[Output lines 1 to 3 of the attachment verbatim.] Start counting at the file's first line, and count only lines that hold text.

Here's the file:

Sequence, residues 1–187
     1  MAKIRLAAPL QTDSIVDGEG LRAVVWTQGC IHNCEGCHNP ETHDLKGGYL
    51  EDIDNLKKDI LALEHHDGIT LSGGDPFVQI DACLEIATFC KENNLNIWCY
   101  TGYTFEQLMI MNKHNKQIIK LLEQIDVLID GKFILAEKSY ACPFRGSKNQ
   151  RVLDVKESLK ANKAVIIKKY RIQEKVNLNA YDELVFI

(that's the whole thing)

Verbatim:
Sequence, residues 1–187
     1  MAKIRLAAPL QTDSIVDGEG LRAVVWTQGC IHNCEGCHNP ETHDLKGGYL
    51  EDIDNLKKDI LALEHHDGIT LSGGDPFVQI DACLEIATFC KENNLNIWCY